By Agnes Emert
WLCJ Vice President
Two of my relatives passed away in the past two months. As he was 5 years older, my cousin and I did not interact much growing up, but I did spend many years of summers and holidays with his younger siblings and their mother, well into our young adulthood. Then life, distance, and procrastination intervened. At the time of his funeral, about 15 years had passed since any of us had seen or spoken to one another. I learned many things about the life my cousin led. He was a good friend and boss, a loving husband and father to whom family meant everything. His sons and son-in-laws worked with him and would now carry on his legacy. Some of his siblings I did not recognize. There were husbands, children and grandchildren I had never met. We hugged and kissed, exchanged emails, and promised to keep in touch. Will we? I don’t know. For some days, I felt simultaneously very sad – heartache-y – and glad. Melancholy as memories of shared occasions long, long ago fought with all the times never shared. Glad because it was so very nice to know they were.
As we live in the same city, we only chatted with my cousin (thrice removed) at major events of my distant relatives, most recently at a wedding over a year ago. When we heard he was in the hospital, my husband convinced me we should go. Both he and his wife were very surprised but appreciative to see us. While I didn’t really want to go to his funeral, again, my husband pressed. I was glad. Most of his relatives were out of town and so few of us were in attendance.
Most recently, a very dear acquaintance passed away suddenly. That is, it was sudden for me, as I did not know she had been ill – I was not a friend. I did know her to be soft spoken and direct, caring, honest, supportive, and genuine as she counseled me from time to time. I was not surprised at the capacity-filled chapel, I was not surprised by the outpouring of love and honor as Rabbis, Cantors, relatives, and friends spoke. I learned many things about the life she led – her passion for the Dodgers, family, friends, and shul (I think, in that order); her no-nonsense advice that everyone sought; her generosity of time, money, and heart. She was dearly beloved. Selfishly, I reflected on the life I lived.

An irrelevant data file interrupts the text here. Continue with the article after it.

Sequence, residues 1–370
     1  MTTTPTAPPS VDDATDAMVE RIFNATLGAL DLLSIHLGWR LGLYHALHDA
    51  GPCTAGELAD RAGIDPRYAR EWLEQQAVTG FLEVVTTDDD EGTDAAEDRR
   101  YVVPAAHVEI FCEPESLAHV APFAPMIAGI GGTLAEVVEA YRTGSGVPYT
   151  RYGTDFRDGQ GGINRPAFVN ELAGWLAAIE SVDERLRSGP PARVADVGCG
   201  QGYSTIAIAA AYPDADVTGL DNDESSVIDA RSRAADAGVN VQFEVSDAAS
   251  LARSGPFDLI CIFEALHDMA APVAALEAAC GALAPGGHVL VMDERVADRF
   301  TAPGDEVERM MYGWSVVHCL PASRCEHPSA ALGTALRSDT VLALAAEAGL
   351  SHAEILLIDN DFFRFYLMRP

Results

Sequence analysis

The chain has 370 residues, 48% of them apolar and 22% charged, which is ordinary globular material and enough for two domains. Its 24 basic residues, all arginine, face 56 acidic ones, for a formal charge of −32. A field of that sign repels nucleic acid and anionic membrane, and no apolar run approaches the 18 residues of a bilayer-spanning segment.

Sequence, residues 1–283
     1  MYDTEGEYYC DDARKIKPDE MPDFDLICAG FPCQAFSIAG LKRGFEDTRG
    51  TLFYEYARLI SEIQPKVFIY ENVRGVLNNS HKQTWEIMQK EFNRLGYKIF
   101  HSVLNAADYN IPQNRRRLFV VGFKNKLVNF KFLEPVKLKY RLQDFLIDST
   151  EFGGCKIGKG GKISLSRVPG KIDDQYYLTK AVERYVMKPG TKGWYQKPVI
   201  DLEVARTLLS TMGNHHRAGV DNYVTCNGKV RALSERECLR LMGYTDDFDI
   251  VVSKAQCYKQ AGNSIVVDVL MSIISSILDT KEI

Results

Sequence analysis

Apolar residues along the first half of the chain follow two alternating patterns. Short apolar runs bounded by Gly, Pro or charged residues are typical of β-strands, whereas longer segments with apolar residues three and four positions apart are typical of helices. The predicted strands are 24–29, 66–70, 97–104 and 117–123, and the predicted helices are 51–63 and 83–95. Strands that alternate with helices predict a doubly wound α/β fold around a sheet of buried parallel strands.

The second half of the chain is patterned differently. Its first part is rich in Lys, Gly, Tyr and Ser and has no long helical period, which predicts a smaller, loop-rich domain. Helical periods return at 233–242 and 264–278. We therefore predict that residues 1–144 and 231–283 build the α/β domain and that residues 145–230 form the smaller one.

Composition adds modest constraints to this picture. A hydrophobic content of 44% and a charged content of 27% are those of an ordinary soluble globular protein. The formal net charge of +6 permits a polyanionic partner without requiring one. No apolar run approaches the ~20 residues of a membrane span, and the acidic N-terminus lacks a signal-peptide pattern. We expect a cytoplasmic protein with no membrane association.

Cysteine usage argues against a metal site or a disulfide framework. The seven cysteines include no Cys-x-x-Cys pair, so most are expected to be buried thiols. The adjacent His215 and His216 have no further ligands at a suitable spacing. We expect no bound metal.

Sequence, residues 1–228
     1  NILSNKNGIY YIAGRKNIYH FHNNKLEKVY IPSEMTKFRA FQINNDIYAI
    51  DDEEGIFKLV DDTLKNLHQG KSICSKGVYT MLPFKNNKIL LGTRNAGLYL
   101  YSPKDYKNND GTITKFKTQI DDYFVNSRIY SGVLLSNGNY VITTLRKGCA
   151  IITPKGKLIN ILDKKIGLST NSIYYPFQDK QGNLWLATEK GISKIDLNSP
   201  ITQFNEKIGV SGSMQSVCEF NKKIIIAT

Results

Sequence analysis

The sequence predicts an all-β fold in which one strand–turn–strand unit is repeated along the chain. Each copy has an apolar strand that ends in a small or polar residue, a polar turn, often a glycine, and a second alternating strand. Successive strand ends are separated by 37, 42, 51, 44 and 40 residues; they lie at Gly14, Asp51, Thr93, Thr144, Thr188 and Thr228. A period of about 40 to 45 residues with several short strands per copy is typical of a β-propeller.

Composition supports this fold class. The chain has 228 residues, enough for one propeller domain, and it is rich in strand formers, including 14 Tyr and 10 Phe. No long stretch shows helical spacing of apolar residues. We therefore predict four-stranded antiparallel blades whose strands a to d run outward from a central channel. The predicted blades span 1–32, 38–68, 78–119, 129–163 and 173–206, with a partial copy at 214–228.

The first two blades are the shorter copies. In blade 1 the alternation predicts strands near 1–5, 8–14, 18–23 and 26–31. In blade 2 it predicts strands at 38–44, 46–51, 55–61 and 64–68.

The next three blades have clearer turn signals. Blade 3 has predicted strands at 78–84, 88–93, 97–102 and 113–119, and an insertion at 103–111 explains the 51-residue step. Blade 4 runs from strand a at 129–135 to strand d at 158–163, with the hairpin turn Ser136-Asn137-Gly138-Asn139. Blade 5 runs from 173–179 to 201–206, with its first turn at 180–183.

My husband asked me what I was writing about for this article. I told him “funerals and how they evoke the past.” “Oh good,” he said, “I think funerals look to the future, our tradition has a wonderful way of keeping alive our past – naming our children.” And he’s right. Our grandson’s Hebrew name is Yitzhak, my father-in-law of blessed memory. Levi will know his great-grandfather – that, although he lost his first wife and children and was held prisoner during the War, he never lost his faith and love of Judaism; how he kept the holidays and traditions, privately, in their apartment in Russia when it was dangerous to do so; his courage and strength to emigrate in his 60s so his son can have a better life, marry, have children and grandchildren – Levi.
I look forward to Yom Kippur. While considered the holiest and most solemn day of the year, for me, it is one of hope and joy, of contentment and peace. Now is the time to reflect on the life I live. Now is the time to take stock of all my “sins,” especially those of omissions, those unsaid and undone. Now is the time to mourn our lost friends and family – yes, lost conservations, lost hugs, lost memories to make. Now is the time to mourn lost opportunities for kindness, understanding, and assistance. And, no matter how difficult, beforehand, I must ask forgiveness and forgive in return.
God willing, afterward, I am at peace with the world and of my place in it. I am content with the “content” of my blessed life. I am filled with joy for the sparkling clean, pure New Year, and bursting with hope for the possibilities.
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